While not as direct as The First Purge, which was a totemic example of 21st century blaxploitation done right, The Forever Purge is a fine example of the Purge movies’ ideas and conflicts at work. The story follows a Mexican couple that has illegally crossed into the U.S. and made a home for themselves. After the annual Purge night has ended, a nation-wide group of white supremacists have called for a “Forever Purge,” continuing to commit crime indefinitely after the sanctioned day has ended. The couple, along with a wealthy Texan family who employed one of them, then attempt to escape to Mexican border. Where the previous films have shown an utmost failure of the system and its structure to offer protection for those who have less money and privilege, The Forever Purge shows its grisly end state, one of constant violence and dominant nationalist ideologies, dissolving both the facist government structure in the film, launching the country into complete anarchy, and the thin fictional veil of the Purge movies, showing a reality where this violence and hatred does not stay contained to a single night.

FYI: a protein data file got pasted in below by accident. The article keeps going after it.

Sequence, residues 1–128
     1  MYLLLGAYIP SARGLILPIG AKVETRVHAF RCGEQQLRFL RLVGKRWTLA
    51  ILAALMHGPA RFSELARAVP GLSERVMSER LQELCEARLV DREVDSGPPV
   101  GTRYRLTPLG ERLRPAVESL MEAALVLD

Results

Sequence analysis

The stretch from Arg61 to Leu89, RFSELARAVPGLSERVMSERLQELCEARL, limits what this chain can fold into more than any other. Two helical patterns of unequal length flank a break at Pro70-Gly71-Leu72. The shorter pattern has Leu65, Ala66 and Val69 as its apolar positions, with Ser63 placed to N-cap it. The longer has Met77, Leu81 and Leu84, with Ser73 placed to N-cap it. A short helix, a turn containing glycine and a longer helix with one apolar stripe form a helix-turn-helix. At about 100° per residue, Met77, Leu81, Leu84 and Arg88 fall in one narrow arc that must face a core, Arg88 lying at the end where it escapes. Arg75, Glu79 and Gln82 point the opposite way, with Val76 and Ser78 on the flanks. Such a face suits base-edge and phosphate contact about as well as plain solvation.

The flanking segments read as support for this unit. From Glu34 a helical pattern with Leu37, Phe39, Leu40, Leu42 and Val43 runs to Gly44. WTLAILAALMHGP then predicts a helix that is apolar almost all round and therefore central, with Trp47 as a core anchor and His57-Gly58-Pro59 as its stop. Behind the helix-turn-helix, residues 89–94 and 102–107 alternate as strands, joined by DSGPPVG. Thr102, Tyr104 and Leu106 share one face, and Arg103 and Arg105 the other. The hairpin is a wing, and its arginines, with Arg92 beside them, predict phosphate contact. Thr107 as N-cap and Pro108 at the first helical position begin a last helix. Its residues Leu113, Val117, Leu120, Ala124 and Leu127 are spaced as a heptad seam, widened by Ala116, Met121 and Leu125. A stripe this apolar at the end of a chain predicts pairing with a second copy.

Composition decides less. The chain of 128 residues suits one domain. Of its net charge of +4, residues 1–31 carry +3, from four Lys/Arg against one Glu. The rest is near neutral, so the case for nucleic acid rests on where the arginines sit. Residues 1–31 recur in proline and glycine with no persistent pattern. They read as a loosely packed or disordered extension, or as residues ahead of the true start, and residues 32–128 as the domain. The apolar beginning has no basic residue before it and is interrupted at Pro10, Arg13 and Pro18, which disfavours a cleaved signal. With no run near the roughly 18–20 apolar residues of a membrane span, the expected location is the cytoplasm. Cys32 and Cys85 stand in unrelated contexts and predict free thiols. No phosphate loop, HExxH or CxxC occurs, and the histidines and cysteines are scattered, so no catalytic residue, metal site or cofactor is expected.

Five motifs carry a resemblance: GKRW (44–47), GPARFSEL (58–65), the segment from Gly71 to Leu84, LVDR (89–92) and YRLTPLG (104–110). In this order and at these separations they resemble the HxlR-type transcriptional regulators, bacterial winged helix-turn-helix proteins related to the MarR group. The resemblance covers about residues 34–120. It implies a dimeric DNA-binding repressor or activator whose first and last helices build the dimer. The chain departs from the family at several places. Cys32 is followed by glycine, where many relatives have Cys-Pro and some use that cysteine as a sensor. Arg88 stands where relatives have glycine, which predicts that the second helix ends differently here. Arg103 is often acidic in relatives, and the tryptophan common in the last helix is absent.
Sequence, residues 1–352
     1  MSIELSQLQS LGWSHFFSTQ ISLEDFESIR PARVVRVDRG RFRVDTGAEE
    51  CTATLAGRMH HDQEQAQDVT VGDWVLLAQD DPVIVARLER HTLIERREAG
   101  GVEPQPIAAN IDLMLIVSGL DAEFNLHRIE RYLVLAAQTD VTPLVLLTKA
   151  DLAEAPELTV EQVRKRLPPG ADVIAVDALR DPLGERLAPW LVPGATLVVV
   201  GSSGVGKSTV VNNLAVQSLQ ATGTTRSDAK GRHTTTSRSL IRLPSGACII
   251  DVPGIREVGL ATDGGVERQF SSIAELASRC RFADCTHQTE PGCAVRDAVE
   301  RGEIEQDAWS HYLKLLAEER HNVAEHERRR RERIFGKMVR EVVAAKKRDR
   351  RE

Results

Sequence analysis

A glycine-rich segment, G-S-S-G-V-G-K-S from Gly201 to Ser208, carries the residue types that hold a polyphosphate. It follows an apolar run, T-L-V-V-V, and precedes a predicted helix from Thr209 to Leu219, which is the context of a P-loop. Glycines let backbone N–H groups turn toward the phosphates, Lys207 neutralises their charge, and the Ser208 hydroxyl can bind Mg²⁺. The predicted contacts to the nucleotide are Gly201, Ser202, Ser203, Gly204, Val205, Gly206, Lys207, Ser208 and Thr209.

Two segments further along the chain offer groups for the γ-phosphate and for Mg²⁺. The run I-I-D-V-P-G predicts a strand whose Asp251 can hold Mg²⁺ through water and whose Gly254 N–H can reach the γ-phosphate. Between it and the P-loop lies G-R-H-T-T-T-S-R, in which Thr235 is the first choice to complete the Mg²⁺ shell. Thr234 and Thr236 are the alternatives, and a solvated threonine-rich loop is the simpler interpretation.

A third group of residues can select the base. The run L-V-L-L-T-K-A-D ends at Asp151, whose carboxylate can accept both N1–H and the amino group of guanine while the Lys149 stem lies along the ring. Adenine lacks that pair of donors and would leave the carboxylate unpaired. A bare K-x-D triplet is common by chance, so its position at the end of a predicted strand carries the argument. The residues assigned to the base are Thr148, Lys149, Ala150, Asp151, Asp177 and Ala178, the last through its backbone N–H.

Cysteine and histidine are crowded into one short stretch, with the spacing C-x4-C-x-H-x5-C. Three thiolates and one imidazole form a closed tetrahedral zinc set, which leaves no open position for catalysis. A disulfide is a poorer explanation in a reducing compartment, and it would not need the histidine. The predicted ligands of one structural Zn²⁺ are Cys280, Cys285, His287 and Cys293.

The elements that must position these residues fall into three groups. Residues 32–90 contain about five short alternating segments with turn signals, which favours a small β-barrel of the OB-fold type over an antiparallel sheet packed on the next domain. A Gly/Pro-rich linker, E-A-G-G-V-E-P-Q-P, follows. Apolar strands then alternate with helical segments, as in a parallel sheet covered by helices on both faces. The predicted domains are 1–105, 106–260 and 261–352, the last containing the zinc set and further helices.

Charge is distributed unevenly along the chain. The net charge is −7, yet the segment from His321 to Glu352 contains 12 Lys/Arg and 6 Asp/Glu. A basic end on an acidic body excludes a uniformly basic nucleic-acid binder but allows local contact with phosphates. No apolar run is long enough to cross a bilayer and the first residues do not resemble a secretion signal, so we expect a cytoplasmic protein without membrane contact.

The film, like The First Purge, suffers stylistically without series creator James DeMonaco at the helm, but not to a great extent. While never great, DeMonaco’s style offered a unique look and energy to the events of the Purge night that was not replicated in the fourth and fifth movies, which adhered to a safer, blander visual style. Nonetheless, The Forever Purge director Everardo Gout is more than capable at handling the action of this movie, which is explosive throughout.
While it doesn’t rise to the heights stylistically or thematically of previous installments of the Purge series, The Forever Purge mimics what it’s direct predecessor got right, while remaining entertaining and satisfying to fans of these films.
Score: ★★★ / ★★★★★